With cryptomarkets in turmoil, files seen by the BBC suggest an unlikely Bitcoin investor may have also lost a fortune – “the missing cryptoqueen”, Dr Ruja Ignatova.
The scammer disappeared in 2017 as her cryptocurrency OneCoin was at its height – attracting billions from investors. Fraud and money-laundering charges in the US have led to her becoming one of the FBI’s 10 most wanted fugitives.
The Oxford-educated entrepreneur told investors she had created the “Bitcoin killer”, but the files suggest she secretly amassed billions in her rival currency before she disappeared.
Details first surfaced in 2021 in leaked documents from Dubai’s courts, posted online by a lawyer who crowned Dr Ruja – as she’s known – the “most successful criminal in history”.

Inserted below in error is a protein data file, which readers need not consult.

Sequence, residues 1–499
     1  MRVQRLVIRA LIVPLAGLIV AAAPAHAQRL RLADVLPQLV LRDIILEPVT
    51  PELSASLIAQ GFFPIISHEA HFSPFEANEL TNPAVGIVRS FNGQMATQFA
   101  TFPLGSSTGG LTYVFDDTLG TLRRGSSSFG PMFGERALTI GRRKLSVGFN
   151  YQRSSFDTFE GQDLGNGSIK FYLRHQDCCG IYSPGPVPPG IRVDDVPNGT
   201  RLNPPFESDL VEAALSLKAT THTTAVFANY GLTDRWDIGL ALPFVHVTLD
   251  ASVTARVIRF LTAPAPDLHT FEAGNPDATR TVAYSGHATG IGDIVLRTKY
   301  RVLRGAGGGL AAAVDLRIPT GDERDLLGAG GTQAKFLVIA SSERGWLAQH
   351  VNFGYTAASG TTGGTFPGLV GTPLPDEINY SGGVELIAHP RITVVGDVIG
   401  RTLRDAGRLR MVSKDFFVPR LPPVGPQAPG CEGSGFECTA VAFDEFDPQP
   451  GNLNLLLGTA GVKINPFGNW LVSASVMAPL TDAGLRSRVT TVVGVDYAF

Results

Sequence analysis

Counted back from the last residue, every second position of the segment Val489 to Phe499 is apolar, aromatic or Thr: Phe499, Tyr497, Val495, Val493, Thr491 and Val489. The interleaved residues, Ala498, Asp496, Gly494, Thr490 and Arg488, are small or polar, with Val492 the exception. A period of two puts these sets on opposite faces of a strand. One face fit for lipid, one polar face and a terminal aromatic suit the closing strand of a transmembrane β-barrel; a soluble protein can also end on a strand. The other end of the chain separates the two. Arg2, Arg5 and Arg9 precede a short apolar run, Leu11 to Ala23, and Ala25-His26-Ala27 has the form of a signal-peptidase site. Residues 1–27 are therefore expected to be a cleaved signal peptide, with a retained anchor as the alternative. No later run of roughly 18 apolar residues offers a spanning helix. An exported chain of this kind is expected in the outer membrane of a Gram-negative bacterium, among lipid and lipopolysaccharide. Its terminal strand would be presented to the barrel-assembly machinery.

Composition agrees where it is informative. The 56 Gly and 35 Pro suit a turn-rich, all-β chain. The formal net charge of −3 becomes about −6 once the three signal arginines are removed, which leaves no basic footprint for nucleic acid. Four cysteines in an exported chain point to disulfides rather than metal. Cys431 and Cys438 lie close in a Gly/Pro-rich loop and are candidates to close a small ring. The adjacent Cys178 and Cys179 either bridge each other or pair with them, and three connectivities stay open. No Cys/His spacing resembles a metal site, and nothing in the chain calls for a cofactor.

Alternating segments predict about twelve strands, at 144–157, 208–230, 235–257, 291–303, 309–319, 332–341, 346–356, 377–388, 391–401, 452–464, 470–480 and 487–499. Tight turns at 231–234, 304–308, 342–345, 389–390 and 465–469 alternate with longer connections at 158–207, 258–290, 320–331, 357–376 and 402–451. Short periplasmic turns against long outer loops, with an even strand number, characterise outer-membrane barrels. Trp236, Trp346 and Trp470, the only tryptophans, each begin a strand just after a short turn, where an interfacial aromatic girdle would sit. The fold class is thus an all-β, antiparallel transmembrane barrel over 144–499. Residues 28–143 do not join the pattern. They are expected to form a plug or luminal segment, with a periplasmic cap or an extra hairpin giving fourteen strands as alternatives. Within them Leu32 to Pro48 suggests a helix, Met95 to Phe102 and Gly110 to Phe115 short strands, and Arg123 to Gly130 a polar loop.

A new book and upcoming episodes of BBC podcast The Missing Cryptoqueen investigate how Dr Ruja has stayed hidden – and whether this alleged crypto-hoard might help explain it.
The Dubai files
We have been able to independently verify some – but not all – of the information in the Dubai files.
At the very least, the leak suggests Dubai was an important financial route for Dr Ruja, something the FBI alluded to in naming the United Arab Emirates as one of five countries she has known connections to.
“You’ve got hundreds of millions of dollars at stake here,” said Dr Jonathan Levy, the lawyer who first posted the files online, and who is relying on information from them in a compensation claim for OneCoin victims.
The claim was lodged with the Supreme Court of the British Indian Ocean Territory, chosen because it hosted a web domain allegedly used by OneCoin.